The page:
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Paati Ram And Others v. Central Administrative Tribunal And Others - WRIT - A No. 17541 of 2003 [2003] RD-AH 117 (24 April 2003)


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Pati Ram & ors. -----           Petitioners


Central Administrative Tribunal,

Allahabad Bench, Allahabad & ors. -----        Respondents    


Hon'ble Dr.B.S.Chauhan,J.

Hon'ble Ghanshyam Dass, J.

This writ petition has been filed for setting aside the impugned judgment and order of the Central Administrative Tribunal, Allahabad dated 17.3.2003, by which the learned Tribunal has rejected the application of the petitioners being barred by the principle enshrined under Order 23, Rule 1 of the Code of Civil Procedure (hereinafter called the CPC) and being barred by limitation.

Facts and circumstances giving rise to this case are that petitioners had filed an application before the Tribunal challenging the order dated 1st July/August, 1997, by which their re-engagement as substitute ''Safaiwala' was found wrong as they were ineligible they stood discharged from service. Petitioners filed application before the Tribunal on 10.3.2003 after expiry of 4-5 years. No application for condonation of delay had been filed. Petitioners tried to explain the delay by submitting that they had filed Writ Petition Nos. 582329 of 2001 which had been disposed of by the Hon'ble Apex Court vide order dated 24.1.2003 allowing the petitioners to withdraw the said cases, to approach the Tribunal.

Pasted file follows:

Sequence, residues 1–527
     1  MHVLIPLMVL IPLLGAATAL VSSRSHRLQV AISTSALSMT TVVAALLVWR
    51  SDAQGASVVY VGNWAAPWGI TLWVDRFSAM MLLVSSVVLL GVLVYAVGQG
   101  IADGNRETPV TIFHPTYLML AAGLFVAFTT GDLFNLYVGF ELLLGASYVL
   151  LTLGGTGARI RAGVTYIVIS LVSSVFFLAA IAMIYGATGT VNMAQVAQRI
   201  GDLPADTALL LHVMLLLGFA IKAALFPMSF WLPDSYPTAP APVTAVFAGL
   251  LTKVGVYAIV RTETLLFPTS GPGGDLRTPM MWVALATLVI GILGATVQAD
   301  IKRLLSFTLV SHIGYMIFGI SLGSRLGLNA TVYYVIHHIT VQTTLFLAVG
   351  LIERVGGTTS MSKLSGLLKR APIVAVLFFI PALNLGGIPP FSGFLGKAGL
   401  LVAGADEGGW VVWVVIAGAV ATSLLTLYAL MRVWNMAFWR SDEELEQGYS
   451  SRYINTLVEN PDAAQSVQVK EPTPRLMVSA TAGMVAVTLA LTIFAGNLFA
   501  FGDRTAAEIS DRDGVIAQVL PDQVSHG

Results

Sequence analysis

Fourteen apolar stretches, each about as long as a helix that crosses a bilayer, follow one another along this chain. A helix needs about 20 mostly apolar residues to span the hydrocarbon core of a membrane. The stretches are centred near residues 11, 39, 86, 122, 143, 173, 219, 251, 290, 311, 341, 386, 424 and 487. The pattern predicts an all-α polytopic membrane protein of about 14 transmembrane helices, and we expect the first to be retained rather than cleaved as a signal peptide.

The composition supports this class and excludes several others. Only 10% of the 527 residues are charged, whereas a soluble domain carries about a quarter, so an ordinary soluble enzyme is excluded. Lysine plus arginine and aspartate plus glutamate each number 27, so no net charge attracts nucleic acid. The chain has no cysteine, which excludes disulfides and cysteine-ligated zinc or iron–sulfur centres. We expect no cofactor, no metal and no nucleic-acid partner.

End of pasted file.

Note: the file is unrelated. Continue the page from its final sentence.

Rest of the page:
The learned Tribunal has rejected the case on two grounds that earlier application filed by the petitioners had been withdrawn without seeking liberty to file afresh. Therefore, the subsequent application was barred by the principles enshrined in Order 23, Rule 1 CPC.

In Sarguja Transport Service Vs. S.T.A.T., Gwalior & ors, AIR 1987 SC 88 and Ashok Kumar Vs. Delhi Development Authority, 1994 (6) SCC 97, the Apex Court has held that filing the successive petition before a Court amounts to sheer abuse of process of the Court and is against the public policy. In Khacher Singh Vs. State of U.P. & ors, AIR 1995 All. 338, the Division Bench of this Court after placing reliance on its earlier judgments in L.S. Tripathi Vs. Banaras Hindu University, 1993 (1) UPLBEC 448; and Saheb Lal Vs. Assistant Registrar, B.H.U., 1995 (1) UPLBEC 37, held that successive writ petition was not maintainable.